Here’s a list of smaller problems that I had.

  • Wait, so nineteen years, David’s been doing the vigilante thing and only now the police are aggressively looking for him? Shit, took ’em long enough.
  • I feel like a holding on the cheerleaders’ legs was a bit awkward. Their legs weren’t saved, movie. Their expressions matter more.
  • Did anyone else think that Charlayne Woodard’s old-lady make-up was a little too obvious? She looks the same age as Samuel L. Jackson… which just made me laugh because he’s actually older by five years.
  • Shyamalan really loves his upside down shots… Christ, stop with those!

But, I gotta be honest with myself, the movie does more than a few good things to tip the scale in its favor.

One of the greatest accomplishments of the movie is the execution of its very idea. We’re already told that the movie is going to throw all of these people into an asylum together and the doctors would eventually be proven wrong about their powers, and that they’re “insane” would be a footnote in the overall story. Nope, I was dead wrong. It’s the main focus. But here’s what’s so brilliant about it. It actually works. Due in no small part to Paulson’s genuine performance, the movie actually does make you start to believe that these people aren’t superpowered. Things are explained that make you think that these people have convinced themselves, and all of us for that matter, that they’re not who they, or we, think they are. Bar none, this is Shyamalan’s best script in years. Imperfect, sure, but it’s got some seriously grade-A moments.

I was pleasantly surprised to see that Clark was an actual character. In fact, because he was never portrayed in the trailers and a single post stated that the movie was going to use unused footage from UNBREAKABLE, I started to fear that Clark was simply going to be a glorified cameo, with maybe one or two appearances at his current age. But nope, he gets quite a bit of screen time. He serves as the tech guy who tracks down bad guys for David to find and is instrumental in locating where The Horde and the kidnapped teen girls are. By the way, on his first day walking around what appears to be a pretty large area to explore, it’s pretty freakin’ coincidental that David happens across Hedwig almost immediately as he starts searching. Very… very coincidental. But that’s not the point. We’re talking about Clark here, and I gotta hand it to the dude, his acting improved tremendously. Okay, it’s not like the guy fell of the face of the Earth, since his turn in UNBREAKABLE, but outside of LAST HOUSE, which I don’t remember him being in, this is a far cry from the hammy acting he put out in the first flick. I’m not planning on picking on him, or anything, but as far as kid actors go, I would never have suspected that he’d go on to be legitimately talented. Usually successful kid actors with talent go on to do great work… or have really screwed up lives, but the less talented ones often stray from the business altogether. I’m glad to see that Clark is around and evolving his craft.

I know I don’t really need to get into it, but there’s really no point in skirting around the topic. James McAvoy is a lot of fun to watch as he bounces from one personality to another. In a single take, he’ll bounce between at least three to maybe even four personalities flawlessly. Give the man some serious credit, he knows how to make those shifts look good. I’ll even give credit, I’m much more intimidated by The Beast this go-around than I was in the previous installment. Maybe I just need to see it again, but something about The Beast felt a little less silly and much more menacing. I think the impression that I got from SPLIT was that The Beast was some sort of pet. Like, they wanted to give him people to kill. But here, it seems like he’s the one who is primarily in charge of all of the personalities and even seems like there’s a clear hierarchy. The Beast is the one calling the shots, then it’s Patricia, then Hedwig, and the others are sort of just there for McAvoy to show off his fun personality shifts. <<<SPOILERS>>> [ What I find especially interesting is that all of these personalities, even The Beast, all seem like they exist to protect Kevin from more pain, likely created when his mother was abusing him. This gives a whole new dimension to these personalities that I found fascinating. In a way, I’m a little upset that he was killed off at the end for the sole reason that I would have loved to see Kevin and his personalities evolve as characters themselves. ] <<<END SPOILERS>>>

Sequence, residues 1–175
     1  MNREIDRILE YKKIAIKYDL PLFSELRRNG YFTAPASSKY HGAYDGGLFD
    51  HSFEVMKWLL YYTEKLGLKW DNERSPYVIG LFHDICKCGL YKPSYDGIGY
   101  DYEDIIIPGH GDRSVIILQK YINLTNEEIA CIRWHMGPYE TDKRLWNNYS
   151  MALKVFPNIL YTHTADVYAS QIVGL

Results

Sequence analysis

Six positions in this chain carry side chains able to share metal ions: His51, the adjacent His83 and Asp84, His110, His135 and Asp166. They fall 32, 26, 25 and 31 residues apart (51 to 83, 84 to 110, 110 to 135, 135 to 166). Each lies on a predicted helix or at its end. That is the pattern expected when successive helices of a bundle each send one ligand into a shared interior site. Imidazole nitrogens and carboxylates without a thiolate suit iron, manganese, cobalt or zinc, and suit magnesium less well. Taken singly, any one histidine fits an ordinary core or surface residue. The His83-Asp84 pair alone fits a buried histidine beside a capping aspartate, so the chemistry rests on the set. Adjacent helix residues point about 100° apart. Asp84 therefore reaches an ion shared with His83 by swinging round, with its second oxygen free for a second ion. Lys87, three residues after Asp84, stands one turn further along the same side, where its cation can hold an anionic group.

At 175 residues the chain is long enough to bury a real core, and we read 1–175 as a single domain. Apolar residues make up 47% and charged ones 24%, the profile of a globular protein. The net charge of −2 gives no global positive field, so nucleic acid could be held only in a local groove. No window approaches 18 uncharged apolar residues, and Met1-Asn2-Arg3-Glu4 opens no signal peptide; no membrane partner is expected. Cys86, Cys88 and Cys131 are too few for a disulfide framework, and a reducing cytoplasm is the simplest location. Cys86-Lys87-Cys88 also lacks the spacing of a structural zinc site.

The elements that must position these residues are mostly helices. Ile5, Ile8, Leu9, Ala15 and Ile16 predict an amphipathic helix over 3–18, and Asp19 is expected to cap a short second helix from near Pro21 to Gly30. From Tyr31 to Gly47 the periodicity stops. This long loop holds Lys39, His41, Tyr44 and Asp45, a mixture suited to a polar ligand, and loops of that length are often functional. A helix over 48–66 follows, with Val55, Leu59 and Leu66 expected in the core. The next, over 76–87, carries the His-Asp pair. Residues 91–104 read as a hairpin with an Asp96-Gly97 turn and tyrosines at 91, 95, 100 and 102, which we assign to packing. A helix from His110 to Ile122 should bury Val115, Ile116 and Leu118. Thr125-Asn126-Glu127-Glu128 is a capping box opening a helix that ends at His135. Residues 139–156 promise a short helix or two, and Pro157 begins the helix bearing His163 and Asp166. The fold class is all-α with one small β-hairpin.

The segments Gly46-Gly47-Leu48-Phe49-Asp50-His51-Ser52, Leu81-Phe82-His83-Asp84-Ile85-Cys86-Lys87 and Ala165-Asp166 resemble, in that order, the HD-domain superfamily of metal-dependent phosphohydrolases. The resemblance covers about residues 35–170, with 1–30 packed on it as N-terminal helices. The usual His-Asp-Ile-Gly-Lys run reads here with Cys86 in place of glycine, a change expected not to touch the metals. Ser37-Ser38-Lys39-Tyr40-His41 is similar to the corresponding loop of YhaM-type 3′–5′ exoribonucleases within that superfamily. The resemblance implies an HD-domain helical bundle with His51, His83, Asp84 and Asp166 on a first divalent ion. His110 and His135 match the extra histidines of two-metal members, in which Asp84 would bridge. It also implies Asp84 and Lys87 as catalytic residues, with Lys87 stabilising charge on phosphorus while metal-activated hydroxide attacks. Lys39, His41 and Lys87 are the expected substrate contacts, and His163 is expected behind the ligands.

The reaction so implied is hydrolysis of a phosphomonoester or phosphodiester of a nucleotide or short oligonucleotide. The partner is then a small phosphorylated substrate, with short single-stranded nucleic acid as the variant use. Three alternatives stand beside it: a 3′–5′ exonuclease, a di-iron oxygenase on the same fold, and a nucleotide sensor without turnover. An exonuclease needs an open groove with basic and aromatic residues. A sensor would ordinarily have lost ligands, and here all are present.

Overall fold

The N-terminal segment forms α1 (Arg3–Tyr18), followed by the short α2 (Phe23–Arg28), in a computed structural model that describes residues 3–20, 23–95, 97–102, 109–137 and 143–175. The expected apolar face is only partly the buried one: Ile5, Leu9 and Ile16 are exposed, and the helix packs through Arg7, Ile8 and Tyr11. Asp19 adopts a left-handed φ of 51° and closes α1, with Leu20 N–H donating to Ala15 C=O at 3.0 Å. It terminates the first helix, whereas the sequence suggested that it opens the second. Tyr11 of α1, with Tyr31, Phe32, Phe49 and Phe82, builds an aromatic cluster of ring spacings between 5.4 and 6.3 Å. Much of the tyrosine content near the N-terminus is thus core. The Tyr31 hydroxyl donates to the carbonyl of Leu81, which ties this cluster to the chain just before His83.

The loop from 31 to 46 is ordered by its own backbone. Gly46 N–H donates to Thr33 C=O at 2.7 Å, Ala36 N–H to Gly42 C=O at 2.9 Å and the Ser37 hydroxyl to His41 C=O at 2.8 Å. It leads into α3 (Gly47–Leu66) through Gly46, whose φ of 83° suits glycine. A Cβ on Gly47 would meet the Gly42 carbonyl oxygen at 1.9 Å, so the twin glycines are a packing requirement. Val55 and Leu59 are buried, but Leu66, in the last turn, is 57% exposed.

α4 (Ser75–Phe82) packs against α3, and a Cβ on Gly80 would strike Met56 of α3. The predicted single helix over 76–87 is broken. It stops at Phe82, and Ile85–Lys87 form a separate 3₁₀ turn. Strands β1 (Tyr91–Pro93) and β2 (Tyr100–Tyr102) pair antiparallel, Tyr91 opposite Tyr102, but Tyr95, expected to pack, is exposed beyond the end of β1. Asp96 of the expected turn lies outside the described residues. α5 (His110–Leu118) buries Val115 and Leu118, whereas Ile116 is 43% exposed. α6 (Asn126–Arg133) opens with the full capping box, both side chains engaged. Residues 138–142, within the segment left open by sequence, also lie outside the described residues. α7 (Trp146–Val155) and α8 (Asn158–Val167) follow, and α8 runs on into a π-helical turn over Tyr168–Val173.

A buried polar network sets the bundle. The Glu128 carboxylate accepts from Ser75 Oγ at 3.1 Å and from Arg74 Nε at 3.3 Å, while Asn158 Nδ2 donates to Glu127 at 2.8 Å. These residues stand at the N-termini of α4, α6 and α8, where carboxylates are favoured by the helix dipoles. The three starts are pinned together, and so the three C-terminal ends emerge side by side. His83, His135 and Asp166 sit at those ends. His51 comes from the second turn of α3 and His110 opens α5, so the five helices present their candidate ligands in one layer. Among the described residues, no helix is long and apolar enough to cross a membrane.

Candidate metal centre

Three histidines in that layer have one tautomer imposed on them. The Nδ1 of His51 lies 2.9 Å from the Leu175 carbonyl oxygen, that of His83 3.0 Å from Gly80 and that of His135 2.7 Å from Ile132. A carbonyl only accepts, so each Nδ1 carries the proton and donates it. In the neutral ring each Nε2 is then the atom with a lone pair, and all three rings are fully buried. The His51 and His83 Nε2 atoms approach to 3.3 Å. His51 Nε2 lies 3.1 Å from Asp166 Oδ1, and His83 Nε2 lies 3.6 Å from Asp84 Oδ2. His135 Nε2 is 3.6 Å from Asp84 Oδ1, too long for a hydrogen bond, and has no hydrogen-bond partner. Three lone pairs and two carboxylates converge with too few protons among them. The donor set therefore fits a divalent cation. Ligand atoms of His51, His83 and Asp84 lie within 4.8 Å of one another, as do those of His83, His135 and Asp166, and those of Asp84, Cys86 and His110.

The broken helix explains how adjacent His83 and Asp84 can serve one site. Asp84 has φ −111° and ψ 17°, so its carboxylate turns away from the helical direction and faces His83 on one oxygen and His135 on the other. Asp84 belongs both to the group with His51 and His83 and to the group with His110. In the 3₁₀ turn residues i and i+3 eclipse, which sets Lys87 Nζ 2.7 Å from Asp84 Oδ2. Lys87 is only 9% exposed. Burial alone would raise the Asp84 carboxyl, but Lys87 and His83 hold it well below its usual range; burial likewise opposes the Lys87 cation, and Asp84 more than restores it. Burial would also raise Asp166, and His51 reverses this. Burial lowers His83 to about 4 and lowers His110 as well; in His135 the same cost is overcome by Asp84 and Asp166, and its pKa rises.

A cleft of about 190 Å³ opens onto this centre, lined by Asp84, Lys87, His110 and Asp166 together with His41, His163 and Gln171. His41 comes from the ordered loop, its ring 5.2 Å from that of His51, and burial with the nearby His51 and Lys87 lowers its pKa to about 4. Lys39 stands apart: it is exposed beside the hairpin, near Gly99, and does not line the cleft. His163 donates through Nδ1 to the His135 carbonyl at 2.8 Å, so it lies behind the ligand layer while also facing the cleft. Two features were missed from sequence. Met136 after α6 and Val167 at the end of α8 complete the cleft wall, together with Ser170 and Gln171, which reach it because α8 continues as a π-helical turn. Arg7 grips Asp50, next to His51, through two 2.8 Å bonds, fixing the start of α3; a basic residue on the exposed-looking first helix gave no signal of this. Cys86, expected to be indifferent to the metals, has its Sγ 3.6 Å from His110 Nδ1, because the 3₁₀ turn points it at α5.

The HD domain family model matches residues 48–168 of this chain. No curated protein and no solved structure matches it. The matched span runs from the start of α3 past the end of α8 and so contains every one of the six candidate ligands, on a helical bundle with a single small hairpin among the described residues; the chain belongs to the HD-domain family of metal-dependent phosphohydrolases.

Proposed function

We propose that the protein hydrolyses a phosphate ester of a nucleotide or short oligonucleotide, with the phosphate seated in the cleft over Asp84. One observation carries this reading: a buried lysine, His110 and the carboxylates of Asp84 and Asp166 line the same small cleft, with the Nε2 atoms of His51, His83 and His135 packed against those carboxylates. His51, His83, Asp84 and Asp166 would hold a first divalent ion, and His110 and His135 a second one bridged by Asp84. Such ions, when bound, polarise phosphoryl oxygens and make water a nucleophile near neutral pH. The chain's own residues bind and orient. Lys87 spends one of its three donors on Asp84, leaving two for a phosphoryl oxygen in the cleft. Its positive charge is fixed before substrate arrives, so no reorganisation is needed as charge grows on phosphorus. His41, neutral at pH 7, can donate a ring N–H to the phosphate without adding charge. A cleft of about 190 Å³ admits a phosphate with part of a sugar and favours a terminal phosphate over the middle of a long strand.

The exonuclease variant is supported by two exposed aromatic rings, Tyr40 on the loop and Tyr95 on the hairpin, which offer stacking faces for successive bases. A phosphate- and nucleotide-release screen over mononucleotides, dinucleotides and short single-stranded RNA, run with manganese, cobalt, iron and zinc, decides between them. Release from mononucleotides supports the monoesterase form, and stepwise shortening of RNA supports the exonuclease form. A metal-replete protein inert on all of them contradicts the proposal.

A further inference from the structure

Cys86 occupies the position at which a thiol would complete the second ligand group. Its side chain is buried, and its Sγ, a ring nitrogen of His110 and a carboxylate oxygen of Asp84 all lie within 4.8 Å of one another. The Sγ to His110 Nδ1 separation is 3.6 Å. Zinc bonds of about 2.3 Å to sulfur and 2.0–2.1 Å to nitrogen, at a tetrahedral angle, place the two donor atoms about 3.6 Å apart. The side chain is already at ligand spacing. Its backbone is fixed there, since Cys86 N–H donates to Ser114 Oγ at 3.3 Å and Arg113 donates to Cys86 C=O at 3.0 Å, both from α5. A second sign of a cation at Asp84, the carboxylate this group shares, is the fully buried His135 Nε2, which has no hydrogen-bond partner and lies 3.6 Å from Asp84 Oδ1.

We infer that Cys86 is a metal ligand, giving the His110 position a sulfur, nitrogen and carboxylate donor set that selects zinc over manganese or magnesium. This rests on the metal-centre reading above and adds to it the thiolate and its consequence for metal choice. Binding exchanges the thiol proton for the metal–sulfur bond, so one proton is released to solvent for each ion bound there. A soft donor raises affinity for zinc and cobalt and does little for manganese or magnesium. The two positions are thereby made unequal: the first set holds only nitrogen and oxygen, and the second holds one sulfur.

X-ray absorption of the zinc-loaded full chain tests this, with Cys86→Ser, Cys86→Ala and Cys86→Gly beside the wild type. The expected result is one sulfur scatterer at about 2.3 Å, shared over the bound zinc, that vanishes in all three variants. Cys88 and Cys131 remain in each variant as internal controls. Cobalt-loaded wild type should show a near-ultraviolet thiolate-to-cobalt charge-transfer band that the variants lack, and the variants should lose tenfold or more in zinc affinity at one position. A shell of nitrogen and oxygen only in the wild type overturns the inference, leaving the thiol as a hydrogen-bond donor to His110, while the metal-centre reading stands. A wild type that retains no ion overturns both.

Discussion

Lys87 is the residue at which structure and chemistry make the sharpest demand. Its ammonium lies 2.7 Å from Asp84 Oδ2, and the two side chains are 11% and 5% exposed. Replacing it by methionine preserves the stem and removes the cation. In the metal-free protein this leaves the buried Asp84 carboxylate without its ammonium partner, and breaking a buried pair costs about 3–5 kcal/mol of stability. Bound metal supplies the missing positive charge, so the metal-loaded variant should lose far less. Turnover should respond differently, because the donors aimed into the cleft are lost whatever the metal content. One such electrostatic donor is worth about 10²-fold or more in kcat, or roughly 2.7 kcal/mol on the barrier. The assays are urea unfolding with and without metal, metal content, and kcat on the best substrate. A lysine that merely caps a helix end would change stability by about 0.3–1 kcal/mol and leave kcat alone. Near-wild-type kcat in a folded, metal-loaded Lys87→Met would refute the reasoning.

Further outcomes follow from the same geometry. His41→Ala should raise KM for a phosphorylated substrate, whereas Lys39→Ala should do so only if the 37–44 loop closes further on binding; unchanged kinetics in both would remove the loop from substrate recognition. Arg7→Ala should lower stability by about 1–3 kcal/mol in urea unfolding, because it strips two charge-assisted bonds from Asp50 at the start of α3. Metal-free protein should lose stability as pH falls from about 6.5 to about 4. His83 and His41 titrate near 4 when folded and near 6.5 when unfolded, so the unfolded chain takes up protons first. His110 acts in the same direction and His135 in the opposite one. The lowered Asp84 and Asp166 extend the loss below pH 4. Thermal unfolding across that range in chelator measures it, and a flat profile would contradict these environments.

And let’s talk about the man of the hour, Elijah. How could he not be great? I mean, if given a proper script, the man can act circles around the best of them. Here is no different. From the moment he comes on screen, you know what everyone in this movie says is going on, but the way his scenes are filmed, you know something ain’t right. And when shit finally starts going down, Jackson doesn’t disappoint. He’s manipulating people and events, he’s sizing everyone up, it’s a whole lot of fun.

Overall, yeah, I dug this film. It’s got a few holes in it that make characters pretty dumb, and it certainly takes way too long to actually get to the title character. With that said, the characters are well written, the story isn’t half bad, and for all intents and purposes, it’s a completely unique superhero story. Can’t say that very often these days. I don’t know if Shyamalan is planning to make sequels, but I’m going to say that I hope not. This was a satisfying movie. To build on top of it feels like the magic won’t be captured again. But as is, I can’t say “magic” was captured, but I will say my attention was. As a recommendation, yeah, if you were a fan of both UNBREAKABLE and SPLIT, I think you’ll enjoy this final installment, like everyone else seems to.

My honest rating for GLASS: 4/5

Next week’s reviews:

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7 Replies to “GLASS review”